In 1965 Ernesto “Che” Guevara arrived in Bolivia to begin a Cuba-style revolution. Guevara, who was killed by the Bolivian army two years later, had been a disciple of the 19th Century Russian radical, Mikhail Bakunin. Part of Guevara’s inspiration came from The Catechism of the Revolutionary, a guide-book of sorts written by Bakunin and his younger protégé Sergei Nachaev. Bakunin was the founder of anarchism, a revolutionary movement that included Peter Kropotkin, Emma Goldman, and Alexander Berkman.
Guevara’s Bolivian Indians fit well with Bakunin’s model of revolution. These were the very poor, impoverished peasants, who had everything to gain by rising up in popular revolution. This had worked for Lenin in Russia and Mao in China. Anarchism targeted the lowest members of society. Referring to the Revolutions of 1848, historian Paul Avrich writes that Bakunin “threw himself into the uprisings of 1848 with irrepressible exuberance…moving with the tide of revolt from Paris to the barricades of Austria and Germany.”
Bakunin was an adolescent when the Decembrist Revolt took place in St. Petersburg, yet it had a profound affect on his thinking. Russia had a long history of peasant uprisings, the most recent one under Catherine the Great. The Pugachev Revolt involved tens of thousands of peasants – serfs that rose against imperial rule leaving a bloody trail as they marched on Moscow. Before Pugachev were the revolts of Razin and Bulavin.
Although Bakunin studied the philosophies of the German realists, thinkers like Hegel and Fichte, he was not a theorist like Karl Marx and other radicals of the 19th Century. Bakunin was an activist. Anarchism advocated the total destruction of the social and political order. Out of this conflagration would arise a new and more equitable state and society. Bakunin was a man of action who personally rolled up his sleeves to show the peasants how real revolutions are fought.
According to the Catechism of the Revolutionary, an anarchist “knows only one science, the science of destruction.” This conflagration of the existing society began with a “spark,” or “the bunt.” 19th Century anarchism focused, in part, on political assassination. Both the popular Empress Elizabeth of Austria and the American President William McKinley were assassinated by anarchists. Alexander Berkman, a key figure in the violent strike against Carnegie Steel in Homestead, Pennsylvania, was an anarchist. During a rally of angry workers in New York City, Emma Goldman told the crowd to break the windows of shops and take what they needed. She was deported back to Europe.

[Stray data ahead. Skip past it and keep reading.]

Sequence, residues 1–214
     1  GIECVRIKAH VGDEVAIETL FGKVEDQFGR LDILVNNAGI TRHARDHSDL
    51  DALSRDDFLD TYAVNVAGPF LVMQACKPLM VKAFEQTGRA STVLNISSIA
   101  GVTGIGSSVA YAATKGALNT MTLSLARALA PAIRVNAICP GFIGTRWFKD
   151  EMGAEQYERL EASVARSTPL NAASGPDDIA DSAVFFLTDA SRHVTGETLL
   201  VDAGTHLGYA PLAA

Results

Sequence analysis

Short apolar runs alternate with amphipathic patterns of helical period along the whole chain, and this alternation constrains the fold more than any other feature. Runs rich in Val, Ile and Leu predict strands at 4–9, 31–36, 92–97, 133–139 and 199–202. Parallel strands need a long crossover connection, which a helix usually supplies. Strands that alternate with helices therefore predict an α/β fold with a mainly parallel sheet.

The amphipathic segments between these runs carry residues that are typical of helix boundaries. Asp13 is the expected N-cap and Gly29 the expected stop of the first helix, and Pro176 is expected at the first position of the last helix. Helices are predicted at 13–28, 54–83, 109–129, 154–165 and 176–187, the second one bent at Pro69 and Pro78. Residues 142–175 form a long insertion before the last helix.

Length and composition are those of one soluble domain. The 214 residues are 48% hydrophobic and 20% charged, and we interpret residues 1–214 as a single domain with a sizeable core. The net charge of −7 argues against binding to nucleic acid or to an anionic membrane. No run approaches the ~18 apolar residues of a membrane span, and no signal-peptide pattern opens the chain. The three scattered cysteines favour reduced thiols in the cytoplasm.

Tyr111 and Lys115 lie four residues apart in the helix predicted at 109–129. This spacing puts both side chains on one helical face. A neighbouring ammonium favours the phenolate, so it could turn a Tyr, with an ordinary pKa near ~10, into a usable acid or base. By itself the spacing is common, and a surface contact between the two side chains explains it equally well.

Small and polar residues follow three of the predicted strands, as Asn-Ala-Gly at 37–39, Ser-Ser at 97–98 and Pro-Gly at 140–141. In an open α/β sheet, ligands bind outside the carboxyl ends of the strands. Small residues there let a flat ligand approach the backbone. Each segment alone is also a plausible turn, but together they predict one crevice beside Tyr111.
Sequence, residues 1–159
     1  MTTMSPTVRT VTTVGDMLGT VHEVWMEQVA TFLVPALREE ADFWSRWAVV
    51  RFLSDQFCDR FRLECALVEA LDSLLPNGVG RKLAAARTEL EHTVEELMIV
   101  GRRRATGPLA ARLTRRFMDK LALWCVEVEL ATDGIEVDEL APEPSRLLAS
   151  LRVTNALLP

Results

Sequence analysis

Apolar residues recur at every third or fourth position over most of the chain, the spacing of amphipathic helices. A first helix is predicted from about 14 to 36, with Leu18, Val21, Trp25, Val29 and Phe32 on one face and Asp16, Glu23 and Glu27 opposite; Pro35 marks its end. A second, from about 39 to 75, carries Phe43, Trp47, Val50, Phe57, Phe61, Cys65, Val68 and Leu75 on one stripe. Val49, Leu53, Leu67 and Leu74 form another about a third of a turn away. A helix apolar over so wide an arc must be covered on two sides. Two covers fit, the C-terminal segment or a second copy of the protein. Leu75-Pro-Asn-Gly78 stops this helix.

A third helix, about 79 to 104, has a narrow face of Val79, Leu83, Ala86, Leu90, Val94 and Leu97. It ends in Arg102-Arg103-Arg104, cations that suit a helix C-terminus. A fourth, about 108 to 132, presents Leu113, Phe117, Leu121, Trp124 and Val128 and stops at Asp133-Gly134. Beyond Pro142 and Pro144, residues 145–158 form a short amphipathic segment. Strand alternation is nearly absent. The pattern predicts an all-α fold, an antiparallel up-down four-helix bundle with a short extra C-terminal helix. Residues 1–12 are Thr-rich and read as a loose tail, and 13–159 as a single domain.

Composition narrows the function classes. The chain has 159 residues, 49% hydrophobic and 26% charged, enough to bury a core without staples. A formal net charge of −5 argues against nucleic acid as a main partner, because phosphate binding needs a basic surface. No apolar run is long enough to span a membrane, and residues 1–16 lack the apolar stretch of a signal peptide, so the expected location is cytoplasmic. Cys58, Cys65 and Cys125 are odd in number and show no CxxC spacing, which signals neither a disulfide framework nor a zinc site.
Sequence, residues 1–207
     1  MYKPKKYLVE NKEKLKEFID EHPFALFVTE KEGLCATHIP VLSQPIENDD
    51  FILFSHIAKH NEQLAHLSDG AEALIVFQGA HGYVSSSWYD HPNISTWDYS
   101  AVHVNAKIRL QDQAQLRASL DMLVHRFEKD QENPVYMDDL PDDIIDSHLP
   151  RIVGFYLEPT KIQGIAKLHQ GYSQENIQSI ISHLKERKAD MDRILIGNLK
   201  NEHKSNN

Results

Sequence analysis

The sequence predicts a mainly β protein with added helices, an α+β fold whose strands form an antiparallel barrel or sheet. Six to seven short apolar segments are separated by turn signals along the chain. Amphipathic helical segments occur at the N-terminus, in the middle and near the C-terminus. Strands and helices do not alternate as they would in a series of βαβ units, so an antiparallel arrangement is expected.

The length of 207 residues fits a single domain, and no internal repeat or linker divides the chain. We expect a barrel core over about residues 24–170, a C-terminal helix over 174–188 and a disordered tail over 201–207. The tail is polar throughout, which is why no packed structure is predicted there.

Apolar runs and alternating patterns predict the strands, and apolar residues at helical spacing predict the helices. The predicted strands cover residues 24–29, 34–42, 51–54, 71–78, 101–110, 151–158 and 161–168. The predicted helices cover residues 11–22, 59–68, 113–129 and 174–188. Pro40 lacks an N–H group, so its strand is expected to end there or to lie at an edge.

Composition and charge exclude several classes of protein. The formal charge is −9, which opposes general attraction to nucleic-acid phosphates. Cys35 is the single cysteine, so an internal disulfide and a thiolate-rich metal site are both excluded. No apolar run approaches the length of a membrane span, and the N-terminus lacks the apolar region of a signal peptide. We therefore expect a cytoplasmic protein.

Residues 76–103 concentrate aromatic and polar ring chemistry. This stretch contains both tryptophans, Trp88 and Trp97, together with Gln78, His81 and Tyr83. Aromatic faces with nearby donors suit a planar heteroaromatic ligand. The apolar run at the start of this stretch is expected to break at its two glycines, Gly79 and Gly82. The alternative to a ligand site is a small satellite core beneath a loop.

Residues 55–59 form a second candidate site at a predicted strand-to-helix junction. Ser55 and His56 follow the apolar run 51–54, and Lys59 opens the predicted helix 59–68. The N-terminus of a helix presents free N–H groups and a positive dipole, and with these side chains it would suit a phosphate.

everything which promotes the success of the revolution is moral and everything which hinders it is immoral.
Thus, any actions taken in the name of revolution were condoned and even glorified. Bakunin, however, was not the stereotype of a cold-blooded killer with mass murder in his eyes. Historian E. H. Carr’s biography anecdotes Bakunin’s attendance at a performance of Beethoven’s 9th Symphony in Leipzig. At the conclusion of the Ode to Joy, Bakunin rushed to the front of the stage proclaiming, “Everything must be destroyed except this symphony!”
Legacy of Bakunin and Anarchism
Bakunin’s call to revolution as an immediate uprising by the poorest members of society was most keenly seen in the various 20th Century revolutions that utilized peasant masses, achieving radical change from “the bottom up.” His radicalism affected such modern groups as the American Black Panthers as well as movements in South America and Africa. Anarchism continues to be an active force even though other 19th Century revolutionary ideals, like Marxism, have been discredited.
Ethics: Morality of the State - "Crime is the necessary condition for the very existence of the State."
Stateless Socialism: Anarchism - "...we speak of justice based upon human conscience...expressed in a single word: equity."
An essay regarding the Founding of the Worker's International.
What is Authority? - Laws of nature vs. men of privilege.
Capitalism and the State - The capitalist system and productive labor.
God and the State - Evolution of religion, symbiosis of State and Religion.
Essay on Equal Opportunity in Education from Egalite, July 31, 1869.
Another Essay on Equal Opportunity in Education from Egalite, August 14, 1869.
Notes on the Paris Commune and the Idea of the State
Marxism Freedom and The State Anarchism as opposed to State Socialism or Authoritarian Communism.
"Bourgeois patriotism, as I view it, is only a very shabby, very narrow, very mercenary, and deeply antihuman passion, having for its object the preservation and maintenance of the power of the national state—that is, the mainstay of all the priveleges of the exploiters throughout the nation."
Mikhail Bakunin, Letters to a Frenchman
Sculpture. Museum of Contemporary Art. Barcelona, Spain.